Meet “Scientist Activist” Françoise Barré-Sinoussi
With the help of the NobelLabs 360°, we are able to visit the labs of Nobel Laureates and can almost look over their shoulders as they, together with their teams, perform their daily tasks. The multimedia presentations not only show 360° panoramas, but include several short videos and other interactive elements. Looking nosily around the lab is highly welcome!
The newest Nobel Lab is the research unit of Françoise Barré-Sinoussi, recipient of the 2008 Nobel Prize in Physiology or Medicine. The French virologist heads the department “Regulation of Retroviral Infections” at the prestigious Institut Pasteur in Paris. She was honoured by the Nobel Committee for the discovery of the HI-virus causing Aids.
Normally, it would be a great honour to be taken on a lab tour at Institut Pasteur. But with the Nobel Labs, everyone can join in. The tour starts on the rooftop terrace, from where the Safe Lab, the cytometry lab and the Western Blotting labs can be visited. My advise: take your time to look around, then start one of the interview videos. In one of these, Beatrice Jaquelin, an engineer in the Safe Lab, tells us about her work under strict security measures and amidst the noise of all the necessary machines. The researcher Hicham El Costa explains how the Western Blot lab studies HIV-transmissions from mother to child. Interspersed are messages from their committed boss: she supplies background information on key questions of their research, for instance: how come that Green Monkeys can be carriers of HIV without getting ill? Barré-Sinoussi also says “We can do better!”, meaning that greater international efforts are necessary to study HIV and to reduce infection rates. She is not only a researcher, but she is also an Aids activist and has been the president of IAS, the International Aids Society, since 2012. By now, she has the inofficial title of a “scientist activist”, which see seems to enjoy.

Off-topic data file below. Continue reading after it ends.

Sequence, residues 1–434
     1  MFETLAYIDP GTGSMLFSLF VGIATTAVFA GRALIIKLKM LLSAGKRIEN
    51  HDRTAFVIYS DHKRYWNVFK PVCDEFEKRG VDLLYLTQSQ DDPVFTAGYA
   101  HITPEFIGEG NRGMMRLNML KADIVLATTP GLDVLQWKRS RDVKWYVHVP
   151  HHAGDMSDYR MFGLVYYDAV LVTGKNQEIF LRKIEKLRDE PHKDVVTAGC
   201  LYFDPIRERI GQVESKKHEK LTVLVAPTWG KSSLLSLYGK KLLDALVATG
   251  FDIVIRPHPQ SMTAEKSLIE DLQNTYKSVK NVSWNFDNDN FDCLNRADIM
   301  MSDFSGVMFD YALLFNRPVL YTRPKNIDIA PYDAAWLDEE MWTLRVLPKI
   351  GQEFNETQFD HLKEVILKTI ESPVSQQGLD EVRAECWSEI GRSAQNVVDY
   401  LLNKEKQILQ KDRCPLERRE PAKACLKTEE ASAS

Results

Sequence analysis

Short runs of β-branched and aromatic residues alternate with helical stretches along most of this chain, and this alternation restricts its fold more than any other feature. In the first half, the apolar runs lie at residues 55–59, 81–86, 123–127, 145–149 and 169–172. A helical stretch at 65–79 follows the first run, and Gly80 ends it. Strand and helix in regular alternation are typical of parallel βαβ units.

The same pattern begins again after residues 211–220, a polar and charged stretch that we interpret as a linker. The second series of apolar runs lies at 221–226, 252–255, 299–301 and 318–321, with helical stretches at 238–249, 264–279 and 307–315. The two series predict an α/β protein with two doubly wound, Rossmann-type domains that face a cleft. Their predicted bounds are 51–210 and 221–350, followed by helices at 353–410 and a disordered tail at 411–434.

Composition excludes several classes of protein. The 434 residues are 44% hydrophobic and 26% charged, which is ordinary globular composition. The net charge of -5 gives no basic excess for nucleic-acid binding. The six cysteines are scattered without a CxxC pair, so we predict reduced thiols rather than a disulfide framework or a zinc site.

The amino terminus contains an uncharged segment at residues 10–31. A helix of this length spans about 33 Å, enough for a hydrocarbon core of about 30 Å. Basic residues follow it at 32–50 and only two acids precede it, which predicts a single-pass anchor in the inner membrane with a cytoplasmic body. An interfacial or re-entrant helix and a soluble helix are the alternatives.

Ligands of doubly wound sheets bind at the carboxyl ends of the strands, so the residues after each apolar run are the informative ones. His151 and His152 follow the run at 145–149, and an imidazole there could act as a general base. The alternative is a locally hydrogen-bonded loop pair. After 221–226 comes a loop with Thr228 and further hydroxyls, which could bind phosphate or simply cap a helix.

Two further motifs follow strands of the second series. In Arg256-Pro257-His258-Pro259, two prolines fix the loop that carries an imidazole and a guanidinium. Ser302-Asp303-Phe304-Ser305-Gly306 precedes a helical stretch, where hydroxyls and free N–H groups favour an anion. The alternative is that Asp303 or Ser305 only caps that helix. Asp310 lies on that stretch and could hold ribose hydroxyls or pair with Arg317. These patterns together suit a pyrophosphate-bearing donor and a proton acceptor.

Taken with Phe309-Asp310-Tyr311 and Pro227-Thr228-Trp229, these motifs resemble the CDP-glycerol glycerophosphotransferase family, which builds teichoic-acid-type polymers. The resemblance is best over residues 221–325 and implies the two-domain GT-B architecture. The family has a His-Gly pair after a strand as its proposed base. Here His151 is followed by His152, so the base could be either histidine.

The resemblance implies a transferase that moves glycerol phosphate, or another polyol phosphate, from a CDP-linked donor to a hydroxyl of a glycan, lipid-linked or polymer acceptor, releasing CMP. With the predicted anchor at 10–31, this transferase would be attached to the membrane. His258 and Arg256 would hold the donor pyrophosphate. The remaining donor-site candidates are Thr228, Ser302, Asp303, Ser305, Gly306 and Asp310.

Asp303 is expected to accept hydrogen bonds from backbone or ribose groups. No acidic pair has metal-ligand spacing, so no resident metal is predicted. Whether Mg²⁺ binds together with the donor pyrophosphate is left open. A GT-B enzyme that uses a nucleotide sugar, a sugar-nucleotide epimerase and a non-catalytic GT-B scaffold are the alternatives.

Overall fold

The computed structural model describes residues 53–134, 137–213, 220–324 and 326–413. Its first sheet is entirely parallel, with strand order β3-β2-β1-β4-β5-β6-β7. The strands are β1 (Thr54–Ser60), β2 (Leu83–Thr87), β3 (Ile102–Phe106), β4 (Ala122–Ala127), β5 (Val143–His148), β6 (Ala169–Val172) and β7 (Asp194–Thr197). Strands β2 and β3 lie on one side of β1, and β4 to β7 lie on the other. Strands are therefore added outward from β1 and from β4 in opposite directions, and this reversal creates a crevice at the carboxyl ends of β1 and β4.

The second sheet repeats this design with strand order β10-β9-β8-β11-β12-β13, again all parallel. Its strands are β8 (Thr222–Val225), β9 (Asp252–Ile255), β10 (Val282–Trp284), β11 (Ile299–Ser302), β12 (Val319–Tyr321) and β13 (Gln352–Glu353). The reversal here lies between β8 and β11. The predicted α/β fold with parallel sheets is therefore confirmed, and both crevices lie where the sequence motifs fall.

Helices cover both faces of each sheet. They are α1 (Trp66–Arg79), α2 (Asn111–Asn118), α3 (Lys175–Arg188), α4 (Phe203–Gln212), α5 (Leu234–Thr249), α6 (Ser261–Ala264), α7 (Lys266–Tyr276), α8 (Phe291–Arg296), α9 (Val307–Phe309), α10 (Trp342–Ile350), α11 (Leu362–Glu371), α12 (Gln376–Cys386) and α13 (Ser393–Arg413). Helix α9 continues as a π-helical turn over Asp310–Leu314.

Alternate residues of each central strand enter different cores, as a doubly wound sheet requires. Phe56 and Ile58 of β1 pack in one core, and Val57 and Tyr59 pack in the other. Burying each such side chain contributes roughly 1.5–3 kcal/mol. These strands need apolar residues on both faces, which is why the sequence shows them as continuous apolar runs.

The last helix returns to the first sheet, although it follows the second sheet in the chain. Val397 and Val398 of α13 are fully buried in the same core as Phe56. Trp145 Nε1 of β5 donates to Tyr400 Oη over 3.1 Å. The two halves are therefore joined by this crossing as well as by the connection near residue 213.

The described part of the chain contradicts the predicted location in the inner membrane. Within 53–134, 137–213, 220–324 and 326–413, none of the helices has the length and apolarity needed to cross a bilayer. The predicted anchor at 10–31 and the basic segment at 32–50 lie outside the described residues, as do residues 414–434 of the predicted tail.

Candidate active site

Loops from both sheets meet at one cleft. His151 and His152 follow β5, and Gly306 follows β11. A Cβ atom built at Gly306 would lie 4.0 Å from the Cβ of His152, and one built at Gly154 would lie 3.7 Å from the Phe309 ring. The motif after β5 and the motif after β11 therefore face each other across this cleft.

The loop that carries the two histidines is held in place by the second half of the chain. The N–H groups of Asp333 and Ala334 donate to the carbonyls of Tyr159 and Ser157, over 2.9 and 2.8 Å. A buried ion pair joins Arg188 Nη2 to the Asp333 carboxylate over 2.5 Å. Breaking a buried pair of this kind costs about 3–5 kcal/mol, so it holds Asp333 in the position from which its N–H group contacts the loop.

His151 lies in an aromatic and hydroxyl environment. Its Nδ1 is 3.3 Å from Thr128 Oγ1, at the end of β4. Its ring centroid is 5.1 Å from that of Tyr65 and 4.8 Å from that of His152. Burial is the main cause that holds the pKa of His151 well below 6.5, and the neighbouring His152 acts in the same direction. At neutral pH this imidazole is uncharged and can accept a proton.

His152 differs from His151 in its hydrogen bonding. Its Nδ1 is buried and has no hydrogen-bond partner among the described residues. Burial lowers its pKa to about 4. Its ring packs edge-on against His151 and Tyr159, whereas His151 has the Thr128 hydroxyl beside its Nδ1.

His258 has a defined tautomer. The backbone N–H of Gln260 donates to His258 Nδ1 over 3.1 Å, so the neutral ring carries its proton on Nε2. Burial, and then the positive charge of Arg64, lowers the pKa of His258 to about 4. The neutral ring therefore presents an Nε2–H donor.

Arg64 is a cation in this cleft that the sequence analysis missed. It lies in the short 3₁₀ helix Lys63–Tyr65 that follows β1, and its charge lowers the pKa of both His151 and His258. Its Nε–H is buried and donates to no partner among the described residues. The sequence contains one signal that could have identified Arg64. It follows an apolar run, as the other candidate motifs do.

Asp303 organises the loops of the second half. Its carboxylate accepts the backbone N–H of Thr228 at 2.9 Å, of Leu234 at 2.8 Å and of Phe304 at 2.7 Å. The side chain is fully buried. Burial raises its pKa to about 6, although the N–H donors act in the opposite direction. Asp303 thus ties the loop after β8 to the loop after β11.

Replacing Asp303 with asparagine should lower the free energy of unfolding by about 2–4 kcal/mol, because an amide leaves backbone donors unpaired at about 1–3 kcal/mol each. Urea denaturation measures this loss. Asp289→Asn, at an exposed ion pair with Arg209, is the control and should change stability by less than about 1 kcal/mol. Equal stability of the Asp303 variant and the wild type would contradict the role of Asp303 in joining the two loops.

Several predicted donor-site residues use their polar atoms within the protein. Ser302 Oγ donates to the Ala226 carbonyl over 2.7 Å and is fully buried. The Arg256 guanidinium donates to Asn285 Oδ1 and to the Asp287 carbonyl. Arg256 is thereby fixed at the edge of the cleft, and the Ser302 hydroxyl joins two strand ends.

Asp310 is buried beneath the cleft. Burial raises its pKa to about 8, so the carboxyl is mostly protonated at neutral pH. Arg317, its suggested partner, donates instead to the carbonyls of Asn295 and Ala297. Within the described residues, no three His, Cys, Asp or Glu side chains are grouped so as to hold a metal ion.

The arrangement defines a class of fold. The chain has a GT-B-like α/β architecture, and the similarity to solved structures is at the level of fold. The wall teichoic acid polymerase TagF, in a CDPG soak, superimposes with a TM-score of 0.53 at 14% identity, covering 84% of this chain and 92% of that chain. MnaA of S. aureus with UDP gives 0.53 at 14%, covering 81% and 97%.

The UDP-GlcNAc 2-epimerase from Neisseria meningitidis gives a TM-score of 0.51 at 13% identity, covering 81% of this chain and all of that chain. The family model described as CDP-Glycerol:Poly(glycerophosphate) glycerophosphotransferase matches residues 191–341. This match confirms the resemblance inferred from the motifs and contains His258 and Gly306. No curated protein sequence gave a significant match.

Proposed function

The format Nobel Labs also reveals: nowadays, relevant scientific findings are always the result of team work. In order to understand complex systems, you always need a large team contributing findings from different angles. But at the same time, you need charismatic researchers to explain to the world the relevance of this research effort. There is a current debate going on whether the concept of giving research awards to single researchers is still up-to-date. Shouldn’t prizes and awards go to the teams, groups or institutes that conducted most of the actual work? In the format Nobel Labs, scientific achievements are presented as what they are: the combined efforts of a strong team.
At the 64th Lindau Nobel Laureate Meeting, Françoise Barré-Sinoussi will give a lecture with the topic “On the Road Toward an HIV Cure”. Visiting her lab is an excellent preparation to understand her work – and it is easier to leave her lab behind knowing that we will soon be able to watch a video from her latest lecture here.
“Nobel Labs 360°” is a non-profit educational project by the Lindau Nobel Laureate Meetings, performed by German photographer Volker Steger.